The declines of honey bees and other pollinators have been at the forefront of recent scientific publications and popular press. Accumulating evidence suggests that no single stressor alone is responsible for declines. Rather, it is probably a combination of abiotic and biotic factors acting in synchrony, to have a negative impact on pollinator populations.
Pesticides are stressors that have received considerable attention, and among these no single class has received more recent attention than the neonicotinoids. These insecticides are acutely toxic to honey bees, environmentally persistent and mobile in the environment. They are also among the most widely used insecticide classes in grain and oilseed crops: in the United States, 36.6 million hectares of maize and 33.8 million hectares of soybeans were planted in 2014, with 79–100% and 34–44% of these seeds, respectively, treated before planting with a formulation of neonicotinoid insecticides (typically thiamethoxam or its metabolite clothianidin).
Although it is known that neonicotinoids can and do move from crop fields during planting, as dust, and afterwards in ground and surface water, the extent of this contamination in the environment throughout the foraging season of honey bees has only recently begun to be quantified therefore, this presents a relatively unexplored route for pollinator exposure to this pesticide class.
Moreover, the presence of other, potentially synergistic, pesticides encountered in honey bee food resources has seldom been examined and most published work in this area tends to focus exclusively on the occurrence of neonicotinoid insecticides in pollen or nectar resources; however, exposures of mobile insects such as pollinators to a single pesticide rarely occur in field situations. Given the vast acreages devoted to these crops and concerns about worldwide pollinator decline, we initiated this work to describe both how (that is, plant species) and when (that is, time in season), pollen-foraging honey bees are exposed to a range of pesticides in agricultural landscapes, with an eye towards clarifying potential high-risk compounds and identifying common combinations of pesticides encountered in field environments.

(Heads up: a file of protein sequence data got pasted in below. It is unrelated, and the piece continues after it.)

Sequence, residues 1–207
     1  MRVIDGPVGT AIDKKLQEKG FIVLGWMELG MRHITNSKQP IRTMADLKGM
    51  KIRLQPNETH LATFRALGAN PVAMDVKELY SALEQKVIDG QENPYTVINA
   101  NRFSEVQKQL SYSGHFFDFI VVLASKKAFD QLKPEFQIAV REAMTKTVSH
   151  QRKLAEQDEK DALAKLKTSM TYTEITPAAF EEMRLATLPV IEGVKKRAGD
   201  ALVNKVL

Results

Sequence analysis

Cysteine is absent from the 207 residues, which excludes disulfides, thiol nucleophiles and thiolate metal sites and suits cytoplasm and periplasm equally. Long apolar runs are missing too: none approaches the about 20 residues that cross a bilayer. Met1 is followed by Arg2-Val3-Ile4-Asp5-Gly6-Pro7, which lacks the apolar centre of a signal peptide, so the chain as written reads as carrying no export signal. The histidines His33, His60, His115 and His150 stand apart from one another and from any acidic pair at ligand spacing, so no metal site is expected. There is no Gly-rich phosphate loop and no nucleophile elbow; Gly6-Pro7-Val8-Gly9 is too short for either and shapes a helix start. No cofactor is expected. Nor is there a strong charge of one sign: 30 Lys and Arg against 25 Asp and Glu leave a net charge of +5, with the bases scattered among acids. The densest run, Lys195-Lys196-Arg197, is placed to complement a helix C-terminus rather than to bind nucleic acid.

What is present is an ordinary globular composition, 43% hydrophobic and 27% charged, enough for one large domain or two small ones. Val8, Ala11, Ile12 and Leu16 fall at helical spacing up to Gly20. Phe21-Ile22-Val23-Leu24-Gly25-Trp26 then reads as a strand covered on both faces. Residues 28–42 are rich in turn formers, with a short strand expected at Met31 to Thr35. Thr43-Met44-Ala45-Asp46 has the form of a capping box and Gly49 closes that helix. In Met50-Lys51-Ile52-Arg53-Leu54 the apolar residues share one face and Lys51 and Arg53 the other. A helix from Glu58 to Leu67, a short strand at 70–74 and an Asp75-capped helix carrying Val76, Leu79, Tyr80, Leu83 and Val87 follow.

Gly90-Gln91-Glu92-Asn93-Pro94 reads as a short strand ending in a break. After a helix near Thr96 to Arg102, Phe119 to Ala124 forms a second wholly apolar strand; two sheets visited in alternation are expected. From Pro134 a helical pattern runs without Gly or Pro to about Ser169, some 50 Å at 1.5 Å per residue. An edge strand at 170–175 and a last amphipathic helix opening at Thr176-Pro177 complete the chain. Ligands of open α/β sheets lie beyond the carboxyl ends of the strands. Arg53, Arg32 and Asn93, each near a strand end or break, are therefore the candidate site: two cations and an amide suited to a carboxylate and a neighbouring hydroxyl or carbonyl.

Pollen collected by honey bees was collected, identified and screened for agricultural pesticides over a period of 16 weeks in 2011. We initiated this study after all planting of treated seeds in our study was completed, to minimize dust from pneumatic planters as a direct source of pesticide residues.
Two Langstroth hives were placed at each of three sites: (1) an open meadow with wildflowers, woody shrubs and trees present (non-agricultural site), (2) the border of a maize field planted with seeds treated with the neonicotinoid clothianidin and three fungicides, and (3) the border of a maize field planted with seeds that received no pesticide treatment.
Honey bee colonies remained at each site for the length of the growing season and foraging bees had free access to pollen from all crop and non-crop species in the vicinity. Analysis of forager-collected pollen revealed that in all cases honey bees foraged primarily on non-cultivated plants and residues of multiple pesticides were found throughout the season. Although a variety of agricultural pesticides were found at all sites, the contaminants likely to provide the greatest hazard to honey bees in our study were non-agricultural pyrethroid insecticides targeting nuisance pests such as mosquitoes.